One of 2014’s more compelling documentaries, Laura Poitras’ Citizenfour channels the measured cool of its subject—former National Security Agency analyst-turned-whistleblower Edward Snowden—and eschews the sensationalism of so many docs for a chilling, information-focused procedural that moves with the precision of a narrative thriller. A formally unusual work, this fluid tableau of data exchanges and secret meetings invites its audience to collaborate in what feels like real time, while simultaneously seeming to watch them through the screen in return: You may be under surveillance, right now.
The third film in Poitras’ post-9/11 trilogy, following My Country, My Country (2006) and The Oath (2010), the very existence of Citizenfour wasn’t known until shortly before its recent premiere at the New York Film Festival. And the film literally emerges from darkness, opening on a shot of tiny squares of light as they strobe from the lower part of the screen through a black tunnel, suggesting the mysterious passage of information that Poitras captures. While Snowden is initially presented via his coded online exchanges, the film soon meets him in person—in self-imposed exile in a Hong Kong hotel room. It’s here that the tense game of wits with the media and US government really takes flight.
The degree to which Poitras may have set up her film’s scenarios—Snowden pacing his hotel room or conversing with Glenn Greenwald, his Guardian journalist advocate—is never far from mind, though cinematic sleight of hand does nothing to alter the effect of what’s unfolding. Citizenfour is right there as Snowden considers his options ahead of his bombshell revelation about the NSA’s wide-ranging surveillance, and it offers a fascinating look at a new face of dissent: quiet, hyper-intelligent, and willing to stake his personal life to expose a scenario affecting the global population. Snowden’s heroics are nearly interior, but their impact carries more weight than the choices made by the most blustering action hero. (Is an offer already out to Ryan Gosling for Hollywood’s inevitable fictionalization?)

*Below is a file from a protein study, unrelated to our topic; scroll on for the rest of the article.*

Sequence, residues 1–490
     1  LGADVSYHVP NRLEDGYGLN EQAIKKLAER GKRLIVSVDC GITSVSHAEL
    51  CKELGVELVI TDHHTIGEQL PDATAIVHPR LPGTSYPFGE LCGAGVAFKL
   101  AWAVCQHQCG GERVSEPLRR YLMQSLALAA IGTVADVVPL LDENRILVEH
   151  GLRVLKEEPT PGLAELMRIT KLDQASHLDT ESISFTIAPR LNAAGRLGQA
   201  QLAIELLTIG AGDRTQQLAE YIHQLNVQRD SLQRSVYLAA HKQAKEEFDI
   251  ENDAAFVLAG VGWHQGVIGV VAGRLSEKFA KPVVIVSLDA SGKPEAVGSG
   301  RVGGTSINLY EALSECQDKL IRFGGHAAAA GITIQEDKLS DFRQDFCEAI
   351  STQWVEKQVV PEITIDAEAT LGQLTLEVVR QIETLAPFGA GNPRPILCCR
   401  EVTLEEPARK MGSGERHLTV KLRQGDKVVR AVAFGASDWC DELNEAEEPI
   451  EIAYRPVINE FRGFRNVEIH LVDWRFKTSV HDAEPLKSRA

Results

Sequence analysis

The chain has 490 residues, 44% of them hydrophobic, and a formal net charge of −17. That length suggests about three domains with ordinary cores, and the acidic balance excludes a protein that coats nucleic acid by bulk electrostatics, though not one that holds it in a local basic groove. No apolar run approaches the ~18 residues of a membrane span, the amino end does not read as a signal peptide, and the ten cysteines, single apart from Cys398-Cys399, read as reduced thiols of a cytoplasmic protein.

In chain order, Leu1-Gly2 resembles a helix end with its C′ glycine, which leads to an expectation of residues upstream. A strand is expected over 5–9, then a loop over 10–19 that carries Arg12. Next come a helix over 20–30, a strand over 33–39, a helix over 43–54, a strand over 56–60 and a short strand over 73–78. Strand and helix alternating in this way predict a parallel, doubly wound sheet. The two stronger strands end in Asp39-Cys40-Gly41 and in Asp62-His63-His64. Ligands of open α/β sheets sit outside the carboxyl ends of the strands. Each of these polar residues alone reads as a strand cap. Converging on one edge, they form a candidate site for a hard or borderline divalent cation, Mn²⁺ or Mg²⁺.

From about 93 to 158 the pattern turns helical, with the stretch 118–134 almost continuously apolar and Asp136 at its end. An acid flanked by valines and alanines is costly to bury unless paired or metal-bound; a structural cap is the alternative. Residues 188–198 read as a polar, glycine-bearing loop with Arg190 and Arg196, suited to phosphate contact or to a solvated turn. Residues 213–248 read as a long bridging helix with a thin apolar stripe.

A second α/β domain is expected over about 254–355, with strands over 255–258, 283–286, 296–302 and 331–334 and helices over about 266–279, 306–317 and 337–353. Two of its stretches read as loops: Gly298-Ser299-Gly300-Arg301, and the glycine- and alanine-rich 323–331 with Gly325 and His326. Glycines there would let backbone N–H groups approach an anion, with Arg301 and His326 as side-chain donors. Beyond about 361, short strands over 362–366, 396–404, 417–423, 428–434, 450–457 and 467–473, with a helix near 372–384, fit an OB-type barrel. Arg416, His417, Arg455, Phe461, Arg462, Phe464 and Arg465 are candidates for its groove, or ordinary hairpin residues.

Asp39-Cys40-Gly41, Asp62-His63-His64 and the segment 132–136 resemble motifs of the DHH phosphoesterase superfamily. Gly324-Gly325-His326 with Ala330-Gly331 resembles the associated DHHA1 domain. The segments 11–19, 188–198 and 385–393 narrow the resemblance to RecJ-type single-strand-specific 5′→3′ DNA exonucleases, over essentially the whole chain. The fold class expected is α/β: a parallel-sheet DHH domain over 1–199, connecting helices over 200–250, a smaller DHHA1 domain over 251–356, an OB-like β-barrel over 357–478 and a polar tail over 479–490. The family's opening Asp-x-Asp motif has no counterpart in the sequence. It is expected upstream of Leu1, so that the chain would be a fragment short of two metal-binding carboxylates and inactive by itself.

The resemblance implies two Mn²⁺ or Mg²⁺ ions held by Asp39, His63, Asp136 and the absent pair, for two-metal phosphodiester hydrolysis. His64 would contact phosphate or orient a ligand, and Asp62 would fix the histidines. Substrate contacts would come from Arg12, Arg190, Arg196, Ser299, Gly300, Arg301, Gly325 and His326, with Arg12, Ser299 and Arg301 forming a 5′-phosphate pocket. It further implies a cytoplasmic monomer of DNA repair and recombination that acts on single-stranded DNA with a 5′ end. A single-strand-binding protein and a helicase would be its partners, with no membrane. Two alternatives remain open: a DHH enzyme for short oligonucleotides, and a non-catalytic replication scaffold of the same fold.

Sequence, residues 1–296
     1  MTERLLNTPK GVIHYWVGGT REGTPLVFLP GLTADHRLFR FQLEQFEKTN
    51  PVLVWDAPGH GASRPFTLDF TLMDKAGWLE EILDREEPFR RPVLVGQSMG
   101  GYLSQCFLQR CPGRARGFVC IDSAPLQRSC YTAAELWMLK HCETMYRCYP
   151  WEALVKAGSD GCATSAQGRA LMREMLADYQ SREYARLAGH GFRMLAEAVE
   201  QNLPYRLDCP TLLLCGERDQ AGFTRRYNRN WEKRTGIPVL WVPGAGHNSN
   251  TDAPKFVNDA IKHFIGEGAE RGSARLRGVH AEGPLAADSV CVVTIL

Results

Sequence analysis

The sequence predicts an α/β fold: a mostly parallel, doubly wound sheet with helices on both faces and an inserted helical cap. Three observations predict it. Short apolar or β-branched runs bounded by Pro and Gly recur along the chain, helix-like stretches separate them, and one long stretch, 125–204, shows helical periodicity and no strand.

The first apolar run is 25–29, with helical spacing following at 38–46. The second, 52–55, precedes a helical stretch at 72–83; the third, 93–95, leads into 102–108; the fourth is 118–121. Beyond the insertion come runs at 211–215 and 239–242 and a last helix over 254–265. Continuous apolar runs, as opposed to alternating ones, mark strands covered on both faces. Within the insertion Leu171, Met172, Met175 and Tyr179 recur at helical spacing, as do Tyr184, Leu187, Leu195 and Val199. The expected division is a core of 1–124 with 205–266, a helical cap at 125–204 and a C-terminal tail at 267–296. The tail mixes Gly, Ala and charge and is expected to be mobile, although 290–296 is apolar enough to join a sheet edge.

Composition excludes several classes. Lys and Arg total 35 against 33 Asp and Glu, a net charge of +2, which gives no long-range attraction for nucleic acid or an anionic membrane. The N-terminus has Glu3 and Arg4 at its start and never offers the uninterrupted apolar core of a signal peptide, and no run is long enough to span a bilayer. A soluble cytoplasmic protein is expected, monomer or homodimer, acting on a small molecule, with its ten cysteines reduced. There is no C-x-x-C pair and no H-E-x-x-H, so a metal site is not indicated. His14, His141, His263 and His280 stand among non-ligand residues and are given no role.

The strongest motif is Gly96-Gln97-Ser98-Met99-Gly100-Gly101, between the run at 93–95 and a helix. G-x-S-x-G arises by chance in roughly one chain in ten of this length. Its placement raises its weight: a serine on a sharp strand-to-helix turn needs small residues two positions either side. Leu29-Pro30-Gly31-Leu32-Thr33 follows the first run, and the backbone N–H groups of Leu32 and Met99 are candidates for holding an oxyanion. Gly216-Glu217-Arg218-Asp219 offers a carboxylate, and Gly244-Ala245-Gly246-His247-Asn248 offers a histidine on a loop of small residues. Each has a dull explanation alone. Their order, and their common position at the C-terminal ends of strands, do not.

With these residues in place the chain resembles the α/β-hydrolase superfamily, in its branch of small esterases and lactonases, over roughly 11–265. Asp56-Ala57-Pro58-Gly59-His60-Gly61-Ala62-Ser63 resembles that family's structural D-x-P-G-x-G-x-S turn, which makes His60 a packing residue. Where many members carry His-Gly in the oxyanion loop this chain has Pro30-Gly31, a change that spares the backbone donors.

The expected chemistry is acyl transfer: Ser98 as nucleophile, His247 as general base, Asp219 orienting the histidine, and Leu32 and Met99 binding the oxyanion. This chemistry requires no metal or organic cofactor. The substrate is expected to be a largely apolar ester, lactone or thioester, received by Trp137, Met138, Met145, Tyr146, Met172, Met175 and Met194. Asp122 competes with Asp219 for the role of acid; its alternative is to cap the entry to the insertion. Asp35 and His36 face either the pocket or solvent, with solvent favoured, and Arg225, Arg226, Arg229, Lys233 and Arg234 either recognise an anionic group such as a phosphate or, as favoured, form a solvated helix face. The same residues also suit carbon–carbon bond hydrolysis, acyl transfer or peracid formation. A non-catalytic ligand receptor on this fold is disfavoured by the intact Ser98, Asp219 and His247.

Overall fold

Once Snowden goes public with the NSA information, Citizenfour glides seamlessly into a kind of globetrotting hopscotch puzzle not unlike executive producer Steven Soderbergh’s Contagion. (Poitras, not incidentally, shares her EP’s penchant for cool, asymmetrical exteriors involving indifferent architecture.) Amid the media maelstrom and the NSA’s manhunt, Snowden is forced underground and to Russia, while Greenwald is hounded and Poitras—herself on government watchlists after her previous documentaries—hides out in a Berlin community of activists. That no one was apprehended is surprising; that this film was somehow assembled and distributed approaches the miraculous.
What resonates most is the thrill of immediacy the film cultivates. By cleverly combining fly-on-the-wall footage with interviews, WarGames-style text-messaging banter, and the perpetually chattering screens of the 24-hour news cycle, Citizenfour uses its enemies’ tactics to distill the noise of mass media to its essence: information. Despite covering events initiated a year prior, the film’s ability to create a sense of clear-minded urgency is one of its strongest assets. The thrilling payoff of this tactic arrives in a late-film reveal that dovetails with the present—it’s as satisfying as any narrative climax, too, especially given the open-ended air of possibility.
If there are issues with Citizenfour, they may be regarding how the film is delivered—and to whom. While the film is assured and effectively disturbing, it’s also reasonable to wonder whether it’ll largely play to an audience already convinced they’re living in an Orwellian nightmare. Effective cinema, to be sure—but is cinema effective? It might be that rare case where distributors consider advocating online piracy as a promotional tool. (Not that we’d ever suggest such a thing.)